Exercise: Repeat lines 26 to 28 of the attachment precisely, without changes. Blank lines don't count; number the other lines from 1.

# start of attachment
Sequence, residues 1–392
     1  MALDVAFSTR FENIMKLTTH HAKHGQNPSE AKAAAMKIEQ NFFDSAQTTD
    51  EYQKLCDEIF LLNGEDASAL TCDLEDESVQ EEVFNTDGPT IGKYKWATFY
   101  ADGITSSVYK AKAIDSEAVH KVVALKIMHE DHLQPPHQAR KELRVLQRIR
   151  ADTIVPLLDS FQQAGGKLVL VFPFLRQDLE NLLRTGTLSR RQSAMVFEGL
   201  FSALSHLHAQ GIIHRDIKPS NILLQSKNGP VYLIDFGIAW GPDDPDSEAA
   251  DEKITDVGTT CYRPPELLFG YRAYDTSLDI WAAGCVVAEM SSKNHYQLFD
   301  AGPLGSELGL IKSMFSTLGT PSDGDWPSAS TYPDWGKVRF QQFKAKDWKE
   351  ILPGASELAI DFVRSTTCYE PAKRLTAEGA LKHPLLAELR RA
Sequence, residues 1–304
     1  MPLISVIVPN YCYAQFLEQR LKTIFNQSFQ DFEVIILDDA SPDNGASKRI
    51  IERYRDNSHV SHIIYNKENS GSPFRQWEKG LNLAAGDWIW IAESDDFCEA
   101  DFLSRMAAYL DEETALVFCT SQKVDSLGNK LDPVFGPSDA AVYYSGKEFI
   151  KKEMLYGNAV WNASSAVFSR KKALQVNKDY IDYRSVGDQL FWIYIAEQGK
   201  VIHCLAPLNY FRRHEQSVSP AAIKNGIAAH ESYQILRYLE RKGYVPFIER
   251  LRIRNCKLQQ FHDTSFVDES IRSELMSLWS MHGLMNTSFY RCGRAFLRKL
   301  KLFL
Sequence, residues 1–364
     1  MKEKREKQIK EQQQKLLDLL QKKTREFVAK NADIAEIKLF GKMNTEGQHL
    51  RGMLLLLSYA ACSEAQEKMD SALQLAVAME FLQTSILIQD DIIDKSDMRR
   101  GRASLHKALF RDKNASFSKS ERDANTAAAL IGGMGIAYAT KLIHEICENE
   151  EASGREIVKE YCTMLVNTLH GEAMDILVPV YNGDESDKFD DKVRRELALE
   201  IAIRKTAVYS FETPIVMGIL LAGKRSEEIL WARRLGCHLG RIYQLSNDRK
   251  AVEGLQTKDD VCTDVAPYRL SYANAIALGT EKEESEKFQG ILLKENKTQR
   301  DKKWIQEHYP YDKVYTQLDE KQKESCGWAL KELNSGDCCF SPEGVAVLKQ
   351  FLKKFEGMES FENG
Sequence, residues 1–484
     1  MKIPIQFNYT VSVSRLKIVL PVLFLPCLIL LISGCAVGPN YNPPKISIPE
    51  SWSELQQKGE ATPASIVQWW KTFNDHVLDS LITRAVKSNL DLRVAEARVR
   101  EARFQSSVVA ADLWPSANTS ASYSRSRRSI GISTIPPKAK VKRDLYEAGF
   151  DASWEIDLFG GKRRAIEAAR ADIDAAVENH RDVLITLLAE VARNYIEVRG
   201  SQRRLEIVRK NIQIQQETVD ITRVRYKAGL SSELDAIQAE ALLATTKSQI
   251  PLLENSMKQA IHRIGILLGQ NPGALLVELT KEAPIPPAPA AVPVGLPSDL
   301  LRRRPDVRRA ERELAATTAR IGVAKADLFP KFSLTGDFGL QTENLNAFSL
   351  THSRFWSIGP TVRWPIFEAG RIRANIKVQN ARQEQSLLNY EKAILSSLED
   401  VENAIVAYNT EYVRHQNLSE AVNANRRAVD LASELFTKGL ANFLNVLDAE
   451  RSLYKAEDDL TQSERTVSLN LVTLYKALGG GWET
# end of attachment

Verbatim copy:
   351  FLKKFEGMES FENG
Sequence, residues 1–484
     1  MKIPIQFNYT VSVSRLKIVL PVLFLPCLIL LISGCAVGPN YNPPKISIPE